OSI Pharmaceuticals Inc. is getting $25 million up front in a licensing deal with Eli Lilly & Co. for a glucokinase activator program developed by OSI's diabetes and obesity subsidiary, Prosidion Ltd.
Overall, OSI could rake in as much as $385 million under the terms of the agreement, including the up-front payment and potential development and sales milestones of $360 million.
The Melville, N.Y.-based firm also stands to receive "a competitive royalty" rate on any products that successfully reach the market, said OSI's CEO Colin Goddard.
"It's a nice financial package for us," he added, and "allows us to continue to focus on our primary goal this year of achieving profitability."
The company, which has not yet reported full-year or fourth-quarter earnings, had a net loss of $13.4 million, or 23 cents per share, for the third quarter of 2006. As of Sept. 30, it had cash totaling about $210 million.
Under the terms of the licensing deal, further costs of developing the GKA program will be assumed by Lilly, which already has an established diabetes franchise, including marketed drugs Actos, an insulin sensitizer, and Byetta, an incretin mimetic partnered with San Diego-based Amylin Inc. Lilly is expected to start by continuing work on the lead GKA compound, PSN010, which started Phase I testing healthy volunteers in early 2006.
Developed in-house by Oxford, UK-based Prosidion, GKAs are aimed at reducing the occurrence of hyperglycemia by rapidly lowering glucose levels by boosting both glucose uptake in the liver and insulin secretion in the pancreas.
There has been significant interest in the target, Goddard said, especially in light of the "mushrooming epidemic of Type II diabetes," and OSI is the lead competitor in the GKA space, after Basel, Switzerland-based F. Hoffmann-La Roche Ltd., which is in Phase I development with its R1440.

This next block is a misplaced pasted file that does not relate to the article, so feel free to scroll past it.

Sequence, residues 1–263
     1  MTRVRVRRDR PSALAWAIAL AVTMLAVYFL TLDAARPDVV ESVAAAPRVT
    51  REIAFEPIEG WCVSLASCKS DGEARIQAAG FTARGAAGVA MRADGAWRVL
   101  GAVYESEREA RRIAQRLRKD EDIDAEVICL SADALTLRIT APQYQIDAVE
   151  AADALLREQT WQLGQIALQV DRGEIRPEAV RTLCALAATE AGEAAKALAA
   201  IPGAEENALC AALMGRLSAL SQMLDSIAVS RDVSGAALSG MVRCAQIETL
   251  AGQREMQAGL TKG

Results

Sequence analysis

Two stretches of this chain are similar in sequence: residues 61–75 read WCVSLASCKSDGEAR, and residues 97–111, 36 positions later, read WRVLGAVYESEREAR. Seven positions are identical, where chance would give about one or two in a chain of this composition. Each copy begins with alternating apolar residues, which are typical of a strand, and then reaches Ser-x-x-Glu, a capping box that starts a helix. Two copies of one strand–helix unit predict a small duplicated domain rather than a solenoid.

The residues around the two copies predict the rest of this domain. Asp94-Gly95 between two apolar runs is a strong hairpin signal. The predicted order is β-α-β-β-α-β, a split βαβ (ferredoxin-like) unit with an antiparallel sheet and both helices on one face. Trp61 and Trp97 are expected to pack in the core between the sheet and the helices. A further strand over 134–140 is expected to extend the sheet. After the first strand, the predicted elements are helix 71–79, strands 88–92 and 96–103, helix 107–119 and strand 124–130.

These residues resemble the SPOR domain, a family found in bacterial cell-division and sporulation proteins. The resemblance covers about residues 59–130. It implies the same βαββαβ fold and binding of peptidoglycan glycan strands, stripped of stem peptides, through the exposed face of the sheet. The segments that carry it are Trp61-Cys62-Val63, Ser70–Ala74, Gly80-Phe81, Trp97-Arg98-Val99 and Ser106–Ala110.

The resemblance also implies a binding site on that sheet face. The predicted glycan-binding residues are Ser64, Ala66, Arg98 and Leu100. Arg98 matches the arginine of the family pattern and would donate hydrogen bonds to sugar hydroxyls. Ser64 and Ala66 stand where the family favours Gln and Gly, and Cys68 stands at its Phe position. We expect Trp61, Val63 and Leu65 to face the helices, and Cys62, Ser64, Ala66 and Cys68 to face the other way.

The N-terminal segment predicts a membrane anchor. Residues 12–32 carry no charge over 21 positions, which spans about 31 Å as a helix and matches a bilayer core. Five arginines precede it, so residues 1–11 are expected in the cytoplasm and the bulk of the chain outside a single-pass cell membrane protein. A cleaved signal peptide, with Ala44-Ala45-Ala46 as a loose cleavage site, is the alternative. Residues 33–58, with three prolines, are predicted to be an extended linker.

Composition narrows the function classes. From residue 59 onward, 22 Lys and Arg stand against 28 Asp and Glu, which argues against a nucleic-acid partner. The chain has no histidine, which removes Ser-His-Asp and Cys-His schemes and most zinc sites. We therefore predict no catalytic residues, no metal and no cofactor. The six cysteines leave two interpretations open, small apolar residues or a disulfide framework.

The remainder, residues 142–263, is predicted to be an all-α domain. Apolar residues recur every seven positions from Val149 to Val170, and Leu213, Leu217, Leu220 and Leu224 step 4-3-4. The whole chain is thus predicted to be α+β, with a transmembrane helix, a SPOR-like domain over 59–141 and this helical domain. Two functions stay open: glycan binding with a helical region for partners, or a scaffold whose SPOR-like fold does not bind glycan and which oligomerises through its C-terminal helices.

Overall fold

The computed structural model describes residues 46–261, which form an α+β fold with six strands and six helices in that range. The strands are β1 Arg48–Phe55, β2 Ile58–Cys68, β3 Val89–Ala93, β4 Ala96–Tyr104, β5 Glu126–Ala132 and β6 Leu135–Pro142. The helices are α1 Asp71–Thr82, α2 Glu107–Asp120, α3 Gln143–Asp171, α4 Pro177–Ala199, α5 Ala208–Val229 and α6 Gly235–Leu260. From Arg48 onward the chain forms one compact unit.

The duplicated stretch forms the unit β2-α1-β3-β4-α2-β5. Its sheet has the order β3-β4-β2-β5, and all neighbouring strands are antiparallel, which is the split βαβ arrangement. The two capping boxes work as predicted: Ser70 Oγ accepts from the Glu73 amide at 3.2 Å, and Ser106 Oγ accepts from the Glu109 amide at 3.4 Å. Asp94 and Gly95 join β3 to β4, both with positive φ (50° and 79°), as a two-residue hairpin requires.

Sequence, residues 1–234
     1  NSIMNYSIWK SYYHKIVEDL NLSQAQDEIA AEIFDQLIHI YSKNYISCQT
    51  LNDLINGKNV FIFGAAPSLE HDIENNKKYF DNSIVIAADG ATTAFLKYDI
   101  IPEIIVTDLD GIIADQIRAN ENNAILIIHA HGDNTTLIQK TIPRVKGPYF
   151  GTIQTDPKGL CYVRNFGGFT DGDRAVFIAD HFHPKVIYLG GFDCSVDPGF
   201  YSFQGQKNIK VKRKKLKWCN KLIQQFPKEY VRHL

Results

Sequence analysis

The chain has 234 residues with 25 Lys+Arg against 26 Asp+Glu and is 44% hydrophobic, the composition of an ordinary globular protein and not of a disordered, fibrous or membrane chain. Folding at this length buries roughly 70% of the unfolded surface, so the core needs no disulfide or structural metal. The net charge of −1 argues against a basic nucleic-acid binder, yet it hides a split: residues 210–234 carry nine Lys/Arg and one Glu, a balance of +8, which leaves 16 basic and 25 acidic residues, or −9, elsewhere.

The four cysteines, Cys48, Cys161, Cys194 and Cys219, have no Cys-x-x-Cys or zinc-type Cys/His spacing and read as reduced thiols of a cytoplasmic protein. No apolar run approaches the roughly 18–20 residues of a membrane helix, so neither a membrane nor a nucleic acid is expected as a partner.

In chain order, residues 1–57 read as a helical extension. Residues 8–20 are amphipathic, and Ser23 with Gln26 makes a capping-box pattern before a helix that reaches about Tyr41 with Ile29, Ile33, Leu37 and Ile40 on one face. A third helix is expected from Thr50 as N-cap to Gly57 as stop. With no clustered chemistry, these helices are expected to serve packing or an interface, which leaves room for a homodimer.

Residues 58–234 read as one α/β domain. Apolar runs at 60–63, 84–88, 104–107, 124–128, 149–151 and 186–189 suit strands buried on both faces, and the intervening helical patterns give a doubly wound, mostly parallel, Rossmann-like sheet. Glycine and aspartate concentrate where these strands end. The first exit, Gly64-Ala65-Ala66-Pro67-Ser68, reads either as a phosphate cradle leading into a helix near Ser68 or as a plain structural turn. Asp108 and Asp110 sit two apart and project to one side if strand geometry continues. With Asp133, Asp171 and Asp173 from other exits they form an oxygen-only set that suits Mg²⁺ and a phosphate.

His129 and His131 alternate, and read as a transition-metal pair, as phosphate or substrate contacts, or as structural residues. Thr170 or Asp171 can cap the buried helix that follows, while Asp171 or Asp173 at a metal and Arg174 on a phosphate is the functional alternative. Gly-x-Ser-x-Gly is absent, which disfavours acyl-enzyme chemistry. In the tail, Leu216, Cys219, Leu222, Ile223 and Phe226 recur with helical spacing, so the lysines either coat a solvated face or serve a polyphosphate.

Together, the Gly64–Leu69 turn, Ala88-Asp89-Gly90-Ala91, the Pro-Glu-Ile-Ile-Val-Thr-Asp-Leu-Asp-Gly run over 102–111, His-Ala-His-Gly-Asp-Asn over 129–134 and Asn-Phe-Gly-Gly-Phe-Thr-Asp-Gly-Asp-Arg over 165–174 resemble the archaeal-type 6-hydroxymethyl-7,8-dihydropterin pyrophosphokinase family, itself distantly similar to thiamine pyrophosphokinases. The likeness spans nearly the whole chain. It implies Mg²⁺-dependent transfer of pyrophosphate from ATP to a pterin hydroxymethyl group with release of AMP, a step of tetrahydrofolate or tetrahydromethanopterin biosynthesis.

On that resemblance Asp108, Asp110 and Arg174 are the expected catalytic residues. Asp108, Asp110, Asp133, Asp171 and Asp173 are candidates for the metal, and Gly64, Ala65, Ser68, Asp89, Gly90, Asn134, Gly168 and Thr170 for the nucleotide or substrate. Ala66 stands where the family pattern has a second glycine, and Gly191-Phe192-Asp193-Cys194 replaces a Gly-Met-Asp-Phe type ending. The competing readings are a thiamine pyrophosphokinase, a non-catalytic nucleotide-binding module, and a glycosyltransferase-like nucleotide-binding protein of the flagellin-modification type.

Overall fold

Results from animal studies with PSN010 have been promising, and the drug's mechanism of action suggests that it has "the potential to replace SFU (sulfonylureas) or metformin," provided that "no weight gain or hypoglycemia is observed in clinical trials," analyst Joel Sendek of Lazard Capital Markets wrote in a research note.
Sendek maintained a "buy" rating on OSI's stock, with a $44 price target.
The company's shares (NASDAQ:OSIP) closed at $33.85 Friday, down 6 cents.
With a primary concentration in oncology - OSI is best known for Tarceva, an EGFR inhibitor partnered with South San Francisco-based Genentech Inc. and approved in lung and pancreatic cancers - the company opted to seek a partner for the diabetes program rather than taking it forward alone.
"We've never had the view that we could effectively commercialize in the primary care area," Goddard said, adding that the company might consider licensing opportunities for other candidates in Prosidion's pipeline.
The subsidiary has two other clinical programs: PSN9301, a Phase II-stage dipeptidyl peptidase-IV inhibitor, and PSN357, a glycogen phosphorylase inhibitor in Phase I.
OSI, however, has a different strategy for its ophthalmic subsidiary, Eyetech Inc. In its third quarter earnings, OSI told investors it planned to seek strategic alternatives, such as a licensing or divestiture.
When OSI acquired New York-based Eyetech for $935 million in November 2005, the company hoped Eyetech's Macugen would provide a positive cash-flow.
At that time, Macugen was leading the pack in wet age-related macular degeneration, though it was displaced several months later by the superior AMD drug, Lucentis (Genentech).
"We think there's value to be derived from" the ophthalmic division, Goddard said. "We'll be looking for a partner who will take the asset and invest in it," with hopes that it will provide revenue share for OSI in the future.
Besides AMD, the ophthalmic division has investigated programs for diabetic macular edema and retinal vein occlusion.